3. BanditQueen says:

    It must have been stiffling in that room. It is no wonder so many women found the experience a complete nightmare. I would have pulled out all the nails and the screens down and opened all the windows and flattened any of my women who put them back again.

    The carpet and the hangings sound good, but they had strange ideas about fresh air! Bad smells and bad air were meant to harm, but they seem to have carried this beyond when it came to childbirth. The mother would also be given very strange but strict advice on what to eat and drink. She would also stay in the room, which was meant to resemble the condition of safety and warmth in the womb, for one month after the birth, when the churching ceremony took place. This was a religious ceremony that cleansed the lady and intergrated her back into society. Even at the baptism she was carried in a great bed and placed behind a screen; her child being returned to her afterwards. In the churching she was blessed and prayers said, greeted at the door of the church or chaple, blessed, prayers said and a service of blessing and cleansing; and then she was led to the alter, blessed with holy water and was then allowed to mix with other people.

    I bet that Anne and every other woman was glad to get out of that room. Normal poor women most likely did not do this lying in for more than a couple of days and most likely had to go back to work or life after a couple more; if not the next day.

    1. Charlene says:

      The strange part of it is that they had evidence it wasn’t strictly necessary.

      Isabella of Castile didn’t lie in after she delivered her youngest child (Katherine of Aragon, btw): she was up and out of bed three hours later to do battle with Muley Hacen!

  4. Anyanka says:

    I’d really love to know the experiences of the other 99% of Tudor women as I expect they worked until they gave birth and were back working as soon as they were able.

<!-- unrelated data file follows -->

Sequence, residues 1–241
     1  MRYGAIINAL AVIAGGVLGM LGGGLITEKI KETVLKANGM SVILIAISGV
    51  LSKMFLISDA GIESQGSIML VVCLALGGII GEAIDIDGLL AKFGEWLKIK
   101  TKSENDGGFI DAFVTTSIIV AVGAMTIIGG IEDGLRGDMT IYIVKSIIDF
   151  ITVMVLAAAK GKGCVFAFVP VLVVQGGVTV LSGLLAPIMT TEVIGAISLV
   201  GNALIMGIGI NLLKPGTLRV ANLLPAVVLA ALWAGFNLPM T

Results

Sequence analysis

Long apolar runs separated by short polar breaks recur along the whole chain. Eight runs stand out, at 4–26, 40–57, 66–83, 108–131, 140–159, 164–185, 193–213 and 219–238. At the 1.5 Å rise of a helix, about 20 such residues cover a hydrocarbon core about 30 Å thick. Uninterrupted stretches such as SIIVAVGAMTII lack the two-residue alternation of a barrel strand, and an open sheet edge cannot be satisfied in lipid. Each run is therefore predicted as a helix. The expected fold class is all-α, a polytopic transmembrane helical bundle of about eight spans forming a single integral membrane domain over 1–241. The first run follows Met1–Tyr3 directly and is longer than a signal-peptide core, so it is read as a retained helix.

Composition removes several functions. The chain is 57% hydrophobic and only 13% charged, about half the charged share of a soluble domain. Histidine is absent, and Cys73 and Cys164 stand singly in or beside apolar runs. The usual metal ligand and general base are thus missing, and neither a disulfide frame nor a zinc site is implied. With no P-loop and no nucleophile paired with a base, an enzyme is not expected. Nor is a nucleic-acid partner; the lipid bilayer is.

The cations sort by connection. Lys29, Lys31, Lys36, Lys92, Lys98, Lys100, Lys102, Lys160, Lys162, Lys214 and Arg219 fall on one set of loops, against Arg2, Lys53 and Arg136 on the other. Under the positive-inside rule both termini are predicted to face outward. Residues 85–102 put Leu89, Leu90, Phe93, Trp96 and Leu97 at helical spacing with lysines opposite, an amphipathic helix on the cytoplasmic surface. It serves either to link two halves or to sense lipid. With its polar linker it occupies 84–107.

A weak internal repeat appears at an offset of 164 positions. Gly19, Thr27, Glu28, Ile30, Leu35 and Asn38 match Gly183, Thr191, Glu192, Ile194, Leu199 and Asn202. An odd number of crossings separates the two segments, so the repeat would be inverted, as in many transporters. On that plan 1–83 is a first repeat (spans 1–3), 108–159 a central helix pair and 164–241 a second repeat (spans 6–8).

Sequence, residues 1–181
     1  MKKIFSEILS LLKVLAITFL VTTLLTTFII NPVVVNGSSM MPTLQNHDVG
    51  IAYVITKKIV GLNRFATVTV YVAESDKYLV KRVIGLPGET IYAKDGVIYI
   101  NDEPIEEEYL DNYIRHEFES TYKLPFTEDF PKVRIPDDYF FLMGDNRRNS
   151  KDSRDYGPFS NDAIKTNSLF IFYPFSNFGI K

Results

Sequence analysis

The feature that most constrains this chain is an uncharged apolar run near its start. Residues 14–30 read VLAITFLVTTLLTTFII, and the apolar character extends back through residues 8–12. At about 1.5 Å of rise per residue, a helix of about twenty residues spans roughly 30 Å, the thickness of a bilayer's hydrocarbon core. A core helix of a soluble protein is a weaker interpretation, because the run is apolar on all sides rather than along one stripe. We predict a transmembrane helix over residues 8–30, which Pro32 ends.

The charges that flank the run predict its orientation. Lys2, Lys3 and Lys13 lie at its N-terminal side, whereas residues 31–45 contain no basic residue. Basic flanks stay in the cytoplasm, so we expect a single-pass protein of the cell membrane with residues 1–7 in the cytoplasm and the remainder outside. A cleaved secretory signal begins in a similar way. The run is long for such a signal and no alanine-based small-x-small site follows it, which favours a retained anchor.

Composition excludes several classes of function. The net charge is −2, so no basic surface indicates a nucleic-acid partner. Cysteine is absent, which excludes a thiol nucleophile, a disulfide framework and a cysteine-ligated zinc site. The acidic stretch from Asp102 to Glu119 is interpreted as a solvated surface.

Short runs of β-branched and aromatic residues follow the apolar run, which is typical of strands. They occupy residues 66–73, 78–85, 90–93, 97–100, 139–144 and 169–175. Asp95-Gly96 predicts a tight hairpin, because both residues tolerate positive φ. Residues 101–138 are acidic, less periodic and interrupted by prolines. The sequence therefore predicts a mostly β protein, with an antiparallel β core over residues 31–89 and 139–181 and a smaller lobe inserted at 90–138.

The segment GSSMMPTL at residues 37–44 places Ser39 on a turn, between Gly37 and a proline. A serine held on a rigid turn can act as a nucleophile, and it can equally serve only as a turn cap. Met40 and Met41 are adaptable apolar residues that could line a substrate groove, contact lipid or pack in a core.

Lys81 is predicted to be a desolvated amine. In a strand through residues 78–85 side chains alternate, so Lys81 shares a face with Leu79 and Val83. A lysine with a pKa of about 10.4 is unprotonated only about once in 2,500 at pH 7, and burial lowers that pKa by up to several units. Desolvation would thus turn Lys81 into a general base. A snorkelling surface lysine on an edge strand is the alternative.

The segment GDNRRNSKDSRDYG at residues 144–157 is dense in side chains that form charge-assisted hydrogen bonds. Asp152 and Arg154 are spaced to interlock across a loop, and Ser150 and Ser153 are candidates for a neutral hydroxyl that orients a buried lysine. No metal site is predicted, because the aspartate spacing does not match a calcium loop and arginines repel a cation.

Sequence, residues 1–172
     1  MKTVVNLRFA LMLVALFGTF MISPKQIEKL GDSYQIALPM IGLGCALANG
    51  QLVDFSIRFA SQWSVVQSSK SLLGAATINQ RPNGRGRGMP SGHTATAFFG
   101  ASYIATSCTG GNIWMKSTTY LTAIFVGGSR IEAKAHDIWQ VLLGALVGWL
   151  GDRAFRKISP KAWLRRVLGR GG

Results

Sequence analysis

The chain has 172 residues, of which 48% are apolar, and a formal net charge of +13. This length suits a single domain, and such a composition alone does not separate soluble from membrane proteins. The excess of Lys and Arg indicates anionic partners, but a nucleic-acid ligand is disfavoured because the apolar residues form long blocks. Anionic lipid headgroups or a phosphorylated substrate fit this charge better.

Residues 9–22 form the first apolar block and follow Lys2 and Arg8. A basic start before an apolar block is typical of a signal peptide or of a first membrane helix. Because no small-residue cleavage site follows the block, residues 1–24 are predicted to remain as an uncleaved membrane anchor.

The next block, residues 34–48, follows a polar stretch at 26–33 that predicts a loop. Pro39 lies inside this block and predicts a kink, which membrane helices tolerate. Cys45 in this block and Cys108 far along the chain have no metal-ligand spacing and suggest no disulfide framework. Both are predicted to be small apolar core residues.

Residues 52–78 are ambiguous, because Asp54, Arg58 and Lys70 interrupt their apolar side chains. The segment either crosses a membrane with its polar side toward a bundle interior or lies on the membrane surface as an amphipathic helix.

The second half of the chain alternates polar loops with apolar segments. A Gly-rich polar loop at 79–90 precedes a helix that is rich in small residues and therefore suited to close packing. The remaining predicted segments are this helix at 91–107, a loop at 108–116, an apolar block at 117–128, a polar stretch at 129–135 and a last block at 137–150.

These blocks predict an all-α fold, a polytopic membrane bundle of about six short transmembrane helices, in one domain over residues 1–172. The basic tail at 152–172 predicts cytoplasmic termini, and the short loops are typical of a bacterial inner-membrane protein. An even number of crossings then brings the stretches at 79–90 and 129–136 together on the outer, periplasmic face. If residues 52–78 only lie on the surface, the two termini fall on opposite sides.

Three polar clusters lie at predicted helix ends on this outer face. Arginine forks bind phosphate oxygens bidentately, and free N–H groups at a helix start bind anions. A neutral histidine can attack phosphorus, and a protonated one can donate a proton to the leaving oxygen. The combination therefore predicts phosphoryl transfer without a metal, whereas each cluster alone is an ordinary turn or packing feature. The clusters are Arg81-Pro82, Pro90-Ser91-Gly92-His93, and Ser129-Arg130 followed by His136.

5. Wentra says:

    Luxury quarters with female friends and servants to wait on, comfort and entertain her. No men allowed in to annoy her in her pregnant state. Sounds good to me. I would have been confining myself as soon as possible, as I find pregnancy to be very uncomfortable and irritating.

    1. Banditqueen says:

      Our tutor at uni liked the sound of retiring from the world for a month. She was going to get a bell…ding ding, feed the cat, she had six cats and was always late as one or the other had,some problem. lol..I can just imagine Anne giving orders, putting her feet up, bet they were swollen. I would definitely need air, though.

  6. Vanessa says:

    I think Anne was a tremendously clever woman and I think she knew exactly when to go into her chamber. I hope to meet her in heaven one day .

  7. Maryann Pitman says:

    She might have enjoyed a bit of a break from the Court at that point, possibly over 30 and her first pregnancy, I would think getting away from the hurly burly would have felt good, at least foor a few days. The fly in the ointment was that Henry was on his own, and well known for infidelity during his Katherine’s pregnancies, already getting into that kind of mischief with Anne pregnant. That, and the anxiety to produce a son, must have spoiled her rest. What should have been a happy time must have stretched her nerves to the breaking point by the time Elizabeth was born.

Please note: Comment moderation is currently enabled so there will be a delay between when you post your comment and when it shows up.

Leave a Reply

Your email address will not be published. Required fields are marked *

This site uses Akismet to reduce spam. Learn how your comment data is processed.